Main Attractions at L.A. Auto Show

The floor at this year’s Los Angeles Auto Show will look a lot like America’s roads: full of SUVs.

Hyundai and Nissan will debut new small SUVs at the show, while Subaru will take the wraps off its new three-row SUV, the Ascent. Jeep will show a new version of its rough-and-tumble Wrangler, while Infiniti, Lexus, Lincoln and Porsche will debut more refined models.

A combination of low gas prices, growing millennial families and a host of new models is fueling the SUV boom. As of October, overall U.S. vehicle sales were down 2 per cent compared to the same period last year, but SUV sales were up 6 per cent, according to Autodata Corp.

The L.A. show will also have plenty of eco-friendly models in a nod to California buyers, who purchase a higher percentage of hybrids and electrics than the U.S. as a whole thanks to state tax credits and other incentives. Land Rover will debut its first-ever plug-in gas-electric hybrid, while Volkswagen will show its upcoming family of electric vehicles. Porsche will also have a plug-in hybrid.

Here are some of the vehicles being unveiled at the show, which opens to the public on Friday, December 1, 2017.

LINCOLN NAUTILUS

Lincoln’s midsize MKX SUV gets a new name, Nautilus, in an effort to separate itself from the alphanumeric luxury crowd. It also gets its first refresh since it went on sale in 2015. The 2019 Nautilus swaps its V6 engine for two turbocharged four-cylinder choices: a 2.0-litre that puts out 245 horsepower or a 2.7-litre with 335 horsepower. The Nautilus adopts Lincoln’s signature mesh grille. It also has a suite of new safety technologies, including a system that keeps the SUV centred in its lane and an evasive manoeuvring system that can automatically steer the vehicle around obstacles. The 2019 Nautilus goes on sale in the spring.

CHEVROLET CORVETTE ZR1 CONVERTIBLE

The fastest, most powerful version of General Motors Co.’s Chevrolet Corvette gets its first drop-top in nearly a half-century. Chevrolet says the convertible won’t hurt the 755-horsepower car’s performance much. It’s only 60 pounds heavier than the standard coupe and still will have a top speed of over 200 miles per hour. The only changes for the convertible are the structure for the car’s folding top and repositioned seat belt mounts. The 2019 ZR1 made its debut earlier this month in Dubai. The ZR1 last had a convertible in its original model year in 1970. The coupe starts at $119,995 including shipping, while the convertible starts at $123,995. They’ll hit showrooms this spring.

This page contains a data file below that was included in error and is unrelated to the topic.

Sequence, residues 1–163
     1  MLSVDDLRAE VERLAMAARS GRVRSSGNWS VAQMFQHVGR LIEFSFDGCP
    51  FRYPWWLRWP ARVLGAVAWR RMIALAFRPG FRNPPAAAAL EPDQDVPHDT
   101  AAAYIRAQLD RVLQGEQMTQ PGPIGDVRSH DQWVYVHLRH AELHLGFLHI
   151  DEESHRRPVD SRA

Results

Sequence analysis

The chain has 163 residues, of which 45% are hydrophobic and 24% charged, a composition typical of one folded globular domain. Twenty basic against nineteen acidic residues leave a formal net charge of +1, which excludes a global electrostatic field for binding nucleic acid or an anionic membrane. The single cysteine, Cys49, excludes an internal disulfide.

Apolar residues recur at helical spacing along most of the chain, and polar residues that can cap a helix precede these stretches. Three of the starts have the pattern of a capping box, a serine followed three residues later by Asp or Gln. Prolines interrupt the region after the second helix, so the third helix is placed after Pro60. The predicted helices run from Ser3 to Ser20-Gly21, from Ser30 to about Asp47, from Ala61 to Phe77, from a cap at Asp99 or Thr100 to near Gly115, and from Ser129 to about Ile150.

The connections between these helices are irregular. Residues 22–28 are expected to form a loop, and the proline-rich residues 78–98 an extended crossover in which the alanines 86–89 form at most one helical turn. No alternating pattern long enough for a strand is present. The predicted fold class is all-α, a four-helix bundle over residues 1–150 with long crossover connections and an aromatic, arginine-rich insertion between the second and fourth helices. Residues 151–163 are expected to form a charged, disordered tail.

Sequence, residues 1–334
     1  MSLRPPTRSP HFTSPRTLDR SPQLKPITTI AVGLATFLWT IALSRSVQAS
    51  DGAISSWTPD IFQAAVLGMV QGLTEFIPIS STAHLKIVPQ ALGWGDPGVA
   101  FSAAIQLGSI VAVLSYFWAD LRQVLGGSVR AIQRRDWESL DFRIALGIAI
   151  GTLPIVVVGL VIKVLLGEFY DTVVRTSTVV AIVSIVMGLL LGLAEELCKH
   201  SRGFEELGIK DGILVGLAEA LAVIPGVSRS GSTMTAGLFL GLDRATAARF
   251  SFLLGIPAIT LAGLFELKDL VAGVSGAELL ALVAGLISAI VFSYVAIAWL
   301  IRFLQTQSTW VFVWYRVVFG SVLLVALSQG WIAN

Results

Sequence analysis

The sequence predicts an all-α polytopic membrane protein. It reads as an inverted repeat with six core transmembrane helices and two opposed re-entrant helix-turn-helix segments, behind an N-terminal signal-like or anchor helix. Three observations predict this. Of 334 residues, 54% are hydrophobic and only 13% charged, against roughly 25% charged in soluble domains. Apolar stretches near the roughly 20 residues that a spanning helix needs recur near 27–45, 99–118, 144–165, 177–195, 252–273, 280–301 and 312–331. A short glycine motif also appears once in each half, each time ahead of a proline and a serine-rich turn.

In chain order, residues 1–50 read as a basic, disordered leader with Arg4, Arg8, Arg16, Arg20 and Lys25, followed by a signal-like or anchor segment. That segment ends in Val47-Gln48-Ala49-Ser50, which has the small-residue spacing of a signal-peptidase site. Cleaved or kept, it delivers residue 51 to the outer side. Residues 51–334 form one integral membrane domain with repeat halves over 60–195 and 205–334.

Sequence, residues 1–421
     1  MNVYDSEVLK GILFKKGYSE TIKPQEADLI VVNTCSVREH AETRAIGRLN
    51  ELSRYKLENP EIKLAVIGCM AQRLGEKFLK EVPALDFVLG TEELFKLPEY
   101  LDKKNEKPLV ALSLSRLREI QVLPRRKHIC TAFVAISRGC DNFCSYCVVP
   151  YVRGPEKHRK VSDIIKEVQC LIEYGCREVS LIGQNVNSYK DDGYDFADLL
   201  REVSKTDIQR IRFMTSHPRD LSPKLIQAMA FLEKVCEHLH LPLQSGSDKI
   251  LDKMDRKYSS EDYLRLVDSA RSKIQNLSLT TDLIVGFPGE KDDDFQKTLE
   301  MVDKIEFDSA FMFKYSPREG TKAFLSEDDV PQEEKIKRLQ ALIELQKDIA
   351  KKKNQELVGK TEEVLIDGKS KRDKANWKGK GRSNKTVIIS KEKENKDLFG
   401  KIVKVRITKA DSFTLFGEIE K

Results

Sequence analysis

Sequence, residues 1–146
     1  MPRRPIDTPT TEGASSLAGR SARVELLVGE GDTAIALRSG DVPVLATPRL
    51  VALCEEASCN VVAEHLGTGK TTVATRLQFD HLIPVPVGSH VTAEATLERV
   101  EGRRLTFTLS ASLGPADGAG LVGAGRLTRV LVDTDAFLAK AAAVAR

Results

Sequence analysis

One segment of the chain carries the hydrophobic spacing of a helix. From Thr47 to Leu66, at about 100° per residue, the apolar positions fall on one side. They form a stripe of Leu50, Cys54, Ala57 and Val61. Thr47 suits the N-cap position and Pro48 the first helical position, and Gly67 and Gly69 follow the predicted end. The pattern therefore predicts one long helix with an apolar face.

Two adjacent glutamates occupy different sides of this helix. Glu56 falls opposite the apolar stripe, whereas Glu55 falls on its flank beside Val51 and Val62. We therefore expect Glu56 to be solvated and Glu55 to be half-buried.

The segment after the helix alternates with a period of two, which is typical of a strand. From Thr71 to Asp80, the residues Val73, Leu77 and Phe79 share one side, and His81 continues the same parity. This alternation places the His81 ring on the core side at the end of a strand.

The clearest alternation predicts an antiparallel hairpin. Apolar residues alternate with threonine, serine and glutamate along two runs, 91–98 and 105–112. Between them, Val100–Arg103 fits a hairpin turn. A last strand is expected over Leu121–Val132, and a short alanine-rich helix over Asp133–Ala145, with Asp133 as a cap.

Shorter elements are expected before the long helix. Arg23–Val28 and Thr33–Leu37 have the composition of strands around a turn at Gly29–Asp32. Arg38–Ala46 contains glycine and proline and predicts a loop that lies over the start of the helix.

INFINITI QX50

Infiniti’s midsize, five-seat SUV gets a complete overhaul, starting with a rigid but lightweight new underbody made from high-strength steel. The 2019 QX50 sits up higher than the outgoing model and has a beefier, more confident look. Under the hood is what Infiniti says is the world’s first production-ready variable compression ratio engine. The 2.0-litre turbocharged four-cylinder automatically adjusts the pistons’ performance to optimize power or fuel efficiency. Infiniti says the engine delivers 268 horsepower and 27 miles per gallon in combined city and highway driving, a 35 per cent improvement in fuel efficiency over the outgoing QX50. The new QX50 also boasts Infiniti’s ProPilot driver assistance system that can automatically control braking and speed and keep the SUV within its lane. The QX50 goes on sale in the first quarter of 2018.